11. 11. More About Methods • There are two kinds of methods: – Methods that compute and return a value – Methods that perform an action • This type of method does not return a value, and is called a void method • Each type of method differs slightly in how it is defined as well as how it is (usually) invoked Copyright © 2012 Pearson Addison-Wesley. All rights reserved. 4-11
  12. 12. More About Methods • A method that returns a value must specify the type of that value in its heading: public typeReturned methodName(paramList) • A void method uses the keyword void in its heading to show that it does not return a value : public void methodName(paramList) Copyright © 2012 Pearson Addison-Wesley. All rights reserved. 4-12
  13. 13. main is a void Method • A program in Java is just a class that has a main method • When you give a command to run a Java program, the run-time system invokes the method main • Note that main is a void method, as indicated by its heading: public static void main(String[] args) Copyright © 2012 Pearson Addison-Wesley. All rights reserved. 4-13
  14. 14. return Statements • The body of both types of methods contains a list of declarations and statements enclosed in a pair of braces public <void or typeReturned> myMethod() { declarations statements Body } Copyright © 2012 Pearson Addison-Wesley. All rights reserved. 4-14
  15. 15. return Statements • The body of a method that returns a value must also contain one or more return statements – A return statement specifies the value returned and ends the method invocation: return Expression; – Expression can be any expression that evaluates to something of the type returned listed in the method heading Copyright © 2012 Pearson Addison-Wesley. All rights reserved. 4-15
  16. 16. return Statements • A void method need not contain a return statement, unless there is a situation that requires the method to end before all its code is executed • In this context, since it does not return a value, a return statement is used without an expression: return; Copyright © 2012 Pearson Addison-Wesley. All rights reserved. 4-16
  17. 17. Method Definitions • An invocation of a method that returns a value can be used as an expression anyplace that a value of the typeReturned can be used: typeReturned tRVariable; tRVariable = objectName.methodName(); • An invocation of a void method is simply a statement: objectName.methodName(); Copyright © 2012 Pearson Addison-Wesley. All rights reserved. 4-17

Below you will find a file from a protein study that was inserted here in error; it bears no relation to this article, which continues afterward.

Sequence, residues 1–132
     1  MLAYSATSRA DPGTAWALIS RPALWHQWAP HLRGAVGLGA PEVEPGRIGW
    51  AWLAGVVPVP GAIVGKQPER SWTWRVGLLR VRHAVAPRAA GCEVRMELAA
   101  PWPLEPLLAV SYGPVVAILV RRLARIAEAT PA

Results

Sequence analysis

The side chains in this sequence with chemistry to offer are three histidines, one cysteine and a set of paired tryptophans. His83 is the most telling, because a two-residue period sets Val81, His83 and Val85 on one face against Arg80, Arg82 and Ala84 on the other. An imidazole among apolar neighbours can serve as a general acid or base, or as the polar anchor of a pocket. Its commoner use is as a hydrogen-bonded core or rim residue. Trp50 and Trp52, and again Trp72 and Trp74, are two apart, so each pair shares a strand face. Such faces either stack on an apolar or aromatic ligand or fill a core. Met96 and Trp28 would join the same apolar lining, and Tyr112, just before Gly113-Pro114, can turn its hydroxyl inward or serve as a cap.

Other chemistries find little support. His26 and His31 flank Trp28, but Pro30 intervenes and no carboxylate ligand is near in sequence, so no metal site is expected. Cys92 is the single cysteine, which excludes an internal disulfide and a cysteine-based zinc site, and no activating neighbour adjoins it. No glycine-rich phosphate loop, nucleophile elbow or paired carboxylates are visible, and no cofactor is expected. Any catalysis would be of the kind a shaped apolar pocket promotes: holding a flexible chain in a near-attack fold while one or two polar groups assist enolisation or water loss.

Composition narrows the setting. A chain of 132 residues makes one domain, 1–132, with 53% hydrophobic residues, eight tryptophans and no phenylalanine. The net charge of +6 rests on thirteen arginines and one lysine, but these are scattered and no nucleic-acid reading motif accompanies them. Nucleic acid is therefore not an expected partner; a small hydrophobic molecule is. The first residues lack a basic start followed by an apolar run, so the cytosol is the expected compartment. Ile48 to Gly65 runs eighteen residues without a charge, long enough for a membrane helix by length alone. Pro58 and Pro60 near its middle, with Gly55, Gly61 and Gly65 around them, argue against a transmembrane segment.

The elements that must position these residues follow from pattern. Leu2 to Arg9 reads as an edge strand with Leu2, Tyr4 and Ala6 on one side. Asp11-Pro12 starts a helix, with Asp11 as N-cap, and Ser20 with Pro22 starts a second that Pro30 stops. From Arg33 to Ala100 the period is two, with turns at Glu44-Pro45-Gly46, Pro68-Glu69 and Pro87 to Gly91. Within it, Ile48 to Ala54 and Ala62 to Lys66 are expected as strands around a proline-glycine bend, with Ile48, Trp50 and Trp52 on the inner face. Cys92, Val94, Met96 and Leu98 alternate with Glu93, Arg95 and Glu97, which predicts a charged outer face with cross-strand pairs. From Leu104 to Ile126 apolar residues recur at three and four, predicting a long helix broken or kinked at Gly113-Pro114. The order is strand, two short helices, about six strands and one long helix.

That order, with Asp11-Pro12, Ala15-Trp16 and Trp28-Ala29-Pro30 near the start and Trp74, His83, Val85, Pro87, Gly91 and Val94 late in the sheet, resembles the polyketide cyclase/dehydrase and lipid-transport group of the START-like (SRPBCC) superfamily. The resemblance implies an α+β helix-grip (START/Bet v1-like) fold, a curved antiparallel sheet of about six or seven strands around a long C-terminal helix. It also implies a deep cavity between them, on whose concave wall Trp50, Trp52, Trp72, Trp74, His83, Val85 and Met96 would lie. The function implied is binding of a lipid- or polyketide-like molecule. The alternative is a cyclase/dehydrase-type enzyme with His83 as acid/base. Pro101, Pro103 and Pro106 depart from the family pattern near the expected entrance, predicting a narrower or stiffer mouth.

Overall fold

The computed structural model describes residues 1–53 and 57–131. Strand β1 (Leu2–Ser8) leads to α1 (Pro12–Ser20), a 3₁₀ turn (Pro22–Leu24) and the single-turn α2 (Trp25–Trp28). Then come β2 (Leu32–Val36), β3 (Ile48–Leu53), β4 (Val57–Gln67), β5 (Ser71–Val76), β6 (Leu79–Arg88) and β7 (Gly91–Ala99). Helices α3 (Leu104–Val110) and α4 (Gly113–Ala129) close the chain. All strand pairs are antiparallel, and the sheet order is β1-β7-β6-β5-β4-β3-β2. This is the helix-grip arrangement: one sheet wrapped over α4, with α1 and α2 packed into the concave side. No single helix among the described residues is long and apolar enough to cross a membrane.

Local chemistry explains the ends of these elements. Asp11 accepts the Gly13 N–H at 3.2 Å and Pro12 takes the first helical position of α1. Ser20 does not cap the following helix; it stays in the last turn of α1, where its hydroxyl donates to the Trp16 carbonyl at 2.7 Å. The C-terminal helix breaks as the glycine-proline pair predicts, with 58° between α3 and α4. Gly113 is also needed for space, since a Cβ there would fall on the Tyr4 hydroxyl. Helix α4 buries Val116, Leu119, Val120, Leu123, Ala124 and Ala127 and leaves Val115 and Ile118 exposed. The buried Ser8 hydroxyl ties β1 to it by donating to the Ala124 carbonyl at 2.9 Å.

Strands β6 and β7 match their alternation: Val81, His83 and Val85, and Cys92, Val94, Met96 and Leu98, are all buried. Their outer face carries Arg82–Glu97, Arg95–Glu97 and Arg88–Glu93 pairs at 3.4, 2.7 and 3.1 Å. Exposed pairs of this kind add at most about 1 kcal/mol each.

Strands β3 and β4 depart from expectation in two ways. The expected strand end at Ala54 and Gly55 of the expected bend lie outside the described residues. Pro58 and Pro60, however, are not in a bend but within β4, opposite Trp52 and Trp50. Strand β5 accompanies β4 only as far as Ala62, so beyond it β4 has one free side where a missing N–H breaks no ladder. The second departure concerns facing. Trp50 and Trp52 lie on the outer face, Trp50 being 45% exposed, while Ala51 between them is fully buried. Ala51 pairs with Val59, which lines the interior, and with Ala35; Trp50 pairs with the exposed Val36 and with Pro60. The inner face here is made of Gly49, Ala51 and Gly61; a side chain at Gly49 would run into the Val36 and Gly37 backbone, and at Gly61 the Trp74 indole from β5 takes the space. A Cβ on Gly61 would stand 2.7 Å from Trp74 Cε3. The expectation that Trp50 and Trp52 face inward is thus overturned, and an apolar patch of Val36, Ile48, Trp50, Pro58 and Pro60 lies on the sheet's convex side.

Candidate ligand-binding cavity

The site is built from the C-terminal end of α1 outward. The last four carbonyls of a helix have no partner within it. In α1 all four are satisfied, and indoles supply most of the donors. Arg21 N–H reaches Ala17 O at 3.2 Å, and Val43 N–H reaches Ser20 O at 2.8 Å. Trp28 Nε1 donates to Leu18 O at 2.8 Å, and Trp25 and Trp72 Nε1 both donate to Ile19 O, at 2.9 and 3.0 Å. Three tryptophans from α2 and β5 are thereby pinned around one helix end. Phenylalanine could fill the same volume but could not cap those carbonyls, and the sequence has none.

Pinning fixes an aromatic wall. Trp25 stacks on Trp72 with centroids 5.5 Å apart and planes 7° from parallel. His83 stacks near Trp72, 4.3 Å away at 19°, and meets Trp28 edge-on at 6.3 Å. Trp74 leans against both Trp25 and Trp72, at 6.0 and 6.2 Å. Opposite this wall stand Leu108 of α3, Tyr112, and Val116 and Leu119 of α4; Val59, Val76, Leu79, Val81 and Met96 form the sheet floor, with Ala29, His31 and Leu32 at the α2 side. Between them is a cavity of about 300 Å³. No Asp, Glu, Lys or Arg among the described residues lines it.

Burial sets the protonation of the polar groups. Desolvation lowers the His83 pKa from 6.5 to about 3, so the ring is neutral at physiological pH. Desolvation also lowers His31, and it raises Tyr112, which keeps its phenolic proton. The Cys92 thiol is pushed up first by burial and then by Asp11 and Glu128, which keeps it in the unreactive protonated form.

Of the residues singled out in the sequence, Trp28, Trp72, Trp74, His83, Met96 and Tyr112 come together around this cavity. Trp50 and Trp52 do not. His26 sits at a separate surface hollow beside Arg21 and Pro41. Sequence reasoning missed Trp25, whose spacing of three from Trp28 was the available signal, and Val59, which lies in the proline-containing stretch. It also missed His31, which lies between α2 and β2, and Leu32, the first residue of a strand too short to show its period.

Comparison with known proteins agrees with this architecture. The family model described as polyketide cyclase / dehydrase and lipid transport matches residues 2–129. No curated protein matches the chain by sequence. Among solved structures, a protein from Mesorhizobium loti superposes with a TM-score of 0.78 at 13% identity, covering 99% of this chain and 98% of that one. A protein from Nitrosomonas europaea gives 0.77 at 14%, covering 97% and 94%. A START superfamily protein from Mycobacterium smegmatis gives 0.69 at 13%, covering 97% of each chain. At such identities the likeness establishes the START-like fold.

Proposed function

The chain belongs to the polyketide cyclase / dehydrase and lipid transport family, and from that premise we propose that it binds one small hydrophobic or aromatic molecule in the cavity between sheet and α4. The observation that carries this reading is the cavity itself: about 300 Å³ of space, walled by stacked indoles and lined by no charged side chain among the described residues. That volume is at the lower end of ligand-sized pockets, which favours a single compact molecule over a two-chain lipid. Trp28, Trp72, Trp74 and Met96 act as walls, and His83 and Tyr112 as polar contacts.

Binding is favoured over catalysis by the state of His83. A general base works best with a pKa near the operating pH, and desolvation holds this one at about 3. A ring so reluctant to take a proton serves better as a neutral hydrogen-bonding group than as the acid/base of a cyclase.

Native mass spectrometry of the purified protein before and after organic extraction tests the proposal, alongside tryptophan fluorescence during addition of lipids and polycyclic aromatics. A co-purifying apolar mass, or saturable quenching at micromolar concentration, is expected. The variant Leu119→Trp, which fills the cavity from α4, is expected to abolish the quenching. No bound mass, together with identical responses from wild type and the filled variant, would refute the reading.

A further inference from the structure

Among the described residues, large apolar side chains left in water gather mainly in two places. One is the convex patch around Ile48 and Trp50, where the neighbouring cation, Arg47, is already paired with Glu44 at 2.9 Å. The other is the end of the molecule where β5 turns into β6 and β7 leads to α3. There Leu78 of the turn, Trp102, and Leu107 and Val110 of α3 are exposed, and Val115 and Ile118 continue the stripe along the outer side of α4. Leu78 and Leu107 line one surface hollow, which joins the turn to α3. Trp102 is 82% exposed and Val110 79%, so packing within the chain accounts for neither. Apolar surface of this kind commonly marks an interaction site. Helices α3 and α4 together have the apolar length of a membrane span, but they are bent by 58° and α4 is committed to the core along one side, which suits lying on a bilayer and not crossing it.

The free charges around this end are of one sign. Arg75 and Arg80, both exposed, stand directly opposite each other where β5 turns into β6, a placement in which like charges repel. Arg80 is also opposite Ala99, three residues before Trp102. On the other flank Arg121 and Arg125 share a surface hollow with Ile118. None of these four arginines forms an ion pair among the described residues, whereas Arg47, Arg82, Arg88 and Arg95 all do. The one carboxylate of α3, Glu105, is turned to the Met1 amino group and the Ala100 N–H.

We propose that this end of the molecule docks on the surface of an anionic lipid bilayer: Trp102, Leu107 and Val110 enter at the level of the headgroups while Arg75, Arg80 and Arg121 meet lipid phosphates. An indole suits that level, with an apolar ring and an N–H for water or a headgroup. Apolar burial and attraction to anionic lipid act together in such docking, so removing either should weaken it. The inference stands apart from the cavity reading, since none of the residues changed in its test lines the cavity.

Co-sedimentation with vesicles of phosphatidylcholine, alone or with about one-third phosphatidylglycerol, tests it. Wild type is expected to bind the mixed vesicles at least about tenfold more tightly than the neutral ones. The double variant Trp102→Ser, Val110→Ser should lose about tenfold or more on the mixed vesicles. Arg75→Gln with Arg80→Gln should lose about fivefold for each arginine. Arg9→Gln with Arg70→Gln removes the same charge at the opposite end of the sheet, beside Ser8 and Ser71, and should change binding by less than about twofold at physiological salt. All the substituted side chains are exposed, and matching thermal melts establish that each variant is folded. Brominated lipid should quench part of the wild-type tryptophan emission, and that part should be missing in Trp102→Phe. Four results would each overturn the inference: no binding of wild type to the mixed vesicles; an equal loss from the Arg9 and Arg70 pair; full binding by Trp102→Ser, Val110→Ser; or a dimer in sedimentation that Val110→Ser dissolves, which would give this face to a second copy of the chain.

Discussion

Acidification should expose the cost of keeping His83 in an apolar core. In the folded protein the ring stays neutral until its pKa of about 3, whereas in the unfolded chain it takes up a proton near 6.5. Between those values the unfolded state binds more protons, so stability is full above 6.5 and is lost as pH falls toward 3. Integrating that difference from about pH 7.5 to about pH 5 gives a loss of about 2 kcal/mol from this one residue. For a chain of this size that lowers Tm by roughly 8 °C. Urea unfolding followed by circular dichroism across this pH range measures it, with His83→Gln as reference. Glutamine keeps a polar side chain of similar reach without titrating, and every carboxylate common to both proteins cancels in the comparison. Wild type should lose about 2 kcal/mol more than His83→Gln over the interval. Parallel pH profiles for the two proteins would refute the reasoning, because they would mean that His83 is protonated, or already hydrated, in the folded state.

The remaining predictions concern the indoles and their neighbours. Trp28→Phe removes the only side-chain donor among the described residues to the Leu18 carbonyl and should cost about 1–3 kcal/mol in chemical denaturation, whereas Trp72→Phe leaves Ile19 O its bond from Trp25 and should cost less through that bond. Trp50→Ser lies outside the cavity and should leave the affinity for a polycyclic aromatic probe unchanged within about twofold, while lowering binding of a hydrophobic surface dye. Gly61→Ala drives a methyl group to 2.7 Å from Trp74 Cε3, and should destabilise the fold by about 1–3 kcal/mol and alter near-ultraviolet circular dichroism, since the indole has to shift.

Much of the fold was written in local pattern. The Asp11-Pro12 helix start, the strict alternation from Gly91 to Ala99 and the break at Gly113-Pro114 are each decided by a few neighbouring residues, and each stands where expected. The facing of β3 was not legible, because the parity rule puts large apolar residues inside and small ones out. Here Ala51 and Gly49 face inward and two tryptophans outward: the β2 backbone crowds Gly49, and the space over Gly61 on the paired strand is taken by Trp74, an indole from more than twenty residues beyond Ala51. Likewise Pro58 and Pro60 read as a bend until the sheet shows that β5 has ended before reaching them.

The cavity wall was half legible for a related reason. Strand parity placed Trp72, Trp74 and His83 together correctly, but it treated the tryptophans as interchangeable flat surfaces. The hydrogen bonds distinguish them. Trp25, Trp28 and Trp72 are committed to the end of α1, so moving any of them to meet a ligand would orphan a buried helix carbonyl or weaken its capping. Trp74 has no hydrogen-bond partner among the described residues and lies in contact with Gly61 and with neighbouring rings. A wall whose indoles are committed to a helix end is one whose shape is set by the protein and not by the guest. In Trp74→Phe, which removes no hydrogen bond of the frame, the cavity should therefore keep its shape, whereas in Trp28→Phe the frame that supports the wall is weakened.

18. 18. Any Method Can Be Used As a void Method • A method that returns a value can also perform an action • If you want the action performed, but do not need the returned value, you can invoke the method as if it were a void method, and the returned value will be discarded: objectName.returnedValueMethod(); Copyright © 2012 Pearson Addison-Wesley. All rights reserved. 4-18
  19. 19. Local Variables • A variable declared within a method definition is called a local variable – All variables declared in the main method are local variables – All method parameters are local variables • If two methods each have a local variable of the same name, they are still two entirely different variables Copyright © 2012 Pearson Addison-Wesley. All rights reserved. 4-19
  20. 20. Global Variables • Some programming languages include another kind of variable called a global variable • The Java language does not have global variables Copyright © 2012 Pearson Addison-Wesley. All rights reserved. 4-20
  21. 21. Blocks • A block is another name for a compound statement, that is, a set of Java statements enclosed in braces,{} • A variable declared within a block is local to that block, and cannot be used outside the block • Once a variable has been declared within a block, its name cannot be used for anything else within the same method definition Copyright © 2012 Pearson Addison-Wesley. All rights reserved. 4-21